I pulled veneer pieces out of the clamp and glued them together in the same order. I stopped when I had enough sections of wood for the full height of the wood blank for the final piece. This ended up being 249 layers of veneer. I made sure to label each glued up section of veneer with a number so I knew what order the sections would need to be glued together in the next step.

Step 10: Glue All Sections Together to Make One Large Board

I took all of these smaller glued up sections of wood and gave them a light sanding where the sections would be glued together. I added glue to the sections and put them into the clamps to create the final large piece of skateboard veneer wood.

This is where having all of the sections labeled is necessary so we can keep everything in the original random order as planned.

Step 11: Flatten Both Sides of the Board

Just like with the sample piece of wood made with plywood, once the glue had dried I put it into the X-Carve CNC and flattened one side and then the other.

This time I did sand the surfaces with a random orbit sander after running the flattening bit to take care of the slight ridges that can be noticeable between the passes of the flattening bit.

I just went up to 180 grit on the sander as I would have to sand the surface again after pouring the epoxy and removing the excess material.

Step 12: Carve Design

I carved the final layout layout using a 1/32" diameter downcutting router bit for the layout for the skatepark and the lettering in the upper right corner.

The cut settings I used for the carving were as follows:

1/8" downcutting roughing bit

Feed Rate: 30 in/min
Plunge Rate: 9 in/min
Depth Per Pass: 0.03"

1/32" downcutting detail bit.

Feed Rate: 20 in/min
Plunge Rate: 6 in/min
Depth Per Pass:0.017"

I like how detailed and crisp items look with these tiny bits and also how nice the inside corners look.

Like with the sample carve, this is a slow process. I broke the carve down to one and a half to two hour carves so if I broke a bit I would not need to spend too much time going back to re-carve an area.

Step 13: Lightly Sand and Remove Sawdust From Grooves

Even with the downcutting bit, there can be some small fuzzy pieces of wood at the edges of the carved areas. I used a block of wood and some 400 grit sandpaper to go over the surface of the board. This actually breaks a lot of those little fuzzy fibers loose from the wood.

The next step can take a little while, but you want to go through all of the carved areas and make sure that all of the sawdust from curving has been removed. I did this by repeatedly going over the board with a shop vac hose and sucking up the sawdust. Sometimes it will not easily come out of the grooves so you will need to help it a little. I used a toothbrush to get down into the grooves and break this sawdust out.

One thing I found helpful was to turn the lights down and then go over the surface of the wood with a flashlight. With the colored parallel lines with can be hard to pick out the details of a groove that runs parallel to those so the flashlight shining across the surface helps.

Step 14: Pour Epoxy

Just like before, I used a small paint brush and painted a thin layer of clear epoxy over the entire surface to help prevent possible bleeding of the pigment into the adjacent wood areas. I left this set for a couple hours until the epoxy was a little tacky to the touch. This way the epoxy with pigment will still bond to the first layer. Depending on the epoxy you use and the temperatures at the time you pour, this time period to when your first layer gets tacky to the touch could vary considerably so keep an eye on it and keep checking the condition.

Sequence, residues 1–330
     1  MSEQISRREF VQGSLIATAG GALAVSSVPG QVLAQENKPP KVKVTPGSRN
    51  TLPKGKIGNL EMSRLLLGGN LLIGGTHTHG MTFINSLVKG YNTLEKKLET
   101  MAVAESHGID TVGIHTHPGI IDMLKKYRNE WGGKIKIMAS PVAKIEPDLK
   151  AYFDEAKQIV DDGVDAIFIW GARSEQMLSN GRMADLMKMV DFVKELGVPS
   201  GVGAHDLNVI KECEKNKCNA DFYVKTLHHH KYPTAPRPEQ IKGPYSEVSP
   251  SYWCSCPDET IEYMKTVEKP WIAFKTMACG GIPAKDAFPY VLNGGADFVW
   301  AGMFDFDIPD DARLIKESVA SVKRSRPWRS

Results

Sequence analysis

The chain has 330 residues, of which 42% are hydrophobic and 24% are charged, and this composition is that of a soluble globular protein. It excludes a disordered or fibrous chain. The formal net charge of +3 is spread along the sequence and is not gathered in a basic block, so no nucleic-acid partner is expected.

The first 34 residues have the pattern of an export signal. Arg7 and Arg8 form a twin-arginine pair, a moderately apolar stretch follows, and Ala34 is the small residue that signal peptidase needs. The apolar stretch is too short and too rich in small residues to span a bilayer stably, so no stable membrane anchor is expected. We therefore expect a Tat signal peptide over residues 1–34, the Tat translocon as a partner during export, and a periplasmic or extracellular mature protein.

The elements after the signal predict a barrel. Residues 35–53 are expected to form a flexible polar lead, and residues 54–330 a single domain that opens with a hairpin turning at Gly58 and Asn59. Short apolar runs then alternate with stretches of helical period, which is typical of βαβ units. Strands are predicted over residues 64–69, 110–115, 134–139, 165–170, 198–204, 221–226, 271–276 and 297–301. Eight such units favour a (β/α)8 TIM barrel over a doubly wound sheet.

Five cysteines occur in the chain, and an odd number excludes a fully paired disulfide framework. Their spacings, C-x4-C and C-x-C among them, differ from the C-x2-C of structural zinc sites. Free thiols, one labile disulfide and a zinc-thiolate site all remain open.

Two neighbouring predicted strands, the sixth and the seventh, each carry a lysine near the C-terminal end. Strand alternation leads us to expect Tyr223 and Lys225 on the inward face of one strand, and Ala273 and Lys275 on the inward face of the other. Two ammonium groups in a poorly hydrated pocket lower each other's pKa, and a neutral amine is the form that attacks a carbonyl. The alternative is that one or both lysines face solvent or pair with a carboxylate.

I used the same Black Diamond pigments for the epoxy in the final version of the project. The black color for the epoxy that I used was "Black Onyx" and the blue color was "Deep Blue Sea."

I still mixed a lot of the pigment in the epoxy so the color would be nice a dark and stand out.

I poured the epoxy a little taller than the height of the wood surface so I would not lose any depth of the epoxy in the carved areas due to spreading or shrinkage.

Step 15: Remove Excess Epoxy and Sand

Next it was time to remove the excess epoxy. I decided to start the removal with a hand scraper. That worked great, but it was a little slow to remove that much thickness of epoxy. I went through the removal of the excess epoxy with the hand scraper just on the logo and the lettering.

For the large area of black tinted epoxy I decided to remove most of the excess with the flattening bit on the X-Carve CNC. I creeped up on the surface of the wood by using a depth of 1/100" per pass. This worked really great. Once I had removed enough epoxy to get to the surface of the wood I then changed to the hand scraper again. This saved a lot of time and effort.

I sanded up to 400 grit, then wiped it down with a damp cloth to raise the grain, then sanded up to 800 grit for the final sanding before adding the finish.

Step 16: Add Finish

The finish I used on the board was Odie's Oil Universal finish. This really brings out the color in the skateboard veneers. This finish is incredibly easy to apply. Just wipe it on with a Scotchbrite polishing pad (white) and then after 15 to 20 minutes you can wipe off the excess with a clean soft rag.

Just use some light circular motion with the Scotchbrite pad to work the Odie's Oil into the wood.

Step 17: Final Thoughts

I have to say that I learned a lot from this project and it has been an honor to work on such a great project that was a true passion for so many people over many years to bring it to reality.

A big thank you goes out to the Lauridsen Skatepark committee for giving me the opportunity to work on this gift for the top donor to the project. I hope it met and exceeded your expectations.

https://dsmskatepark.com/

Some final details on the build:

  • The board is approximately 29" wide x 15.25" tall x 1" thick.
  • There are 249 layers of 1/16" skateboard veneers that were glued together to make the board.
  • The layers of veneer are alternating between one clear maple and one of 11 dyed colors in a randomly selected pattern.
  • The linework for the skatepark was carved over a period of 20+ hours with a 1/32" diameter router bit and then filled with a black tinted epoxy using Black Onyx pigment from Black Diamond Pigments.
  • The Lauridsen logo and lettering were filled with a blue tinted epoxy using Deep Blue Sea pigment from Black Diamond Pigments.
  • The stand was created using the tails from one used skateboard and the center section from another used skateboard from Subsect Skateshop.

Thanks for checking out this Instructable. I would love to get comments back from you if you have a couple minutes.

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    2 Comments

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    stevemoseley
    stevemoseley

    Reply 1 year ago

    Thank you very much. I'm extremely happy with how it turned out.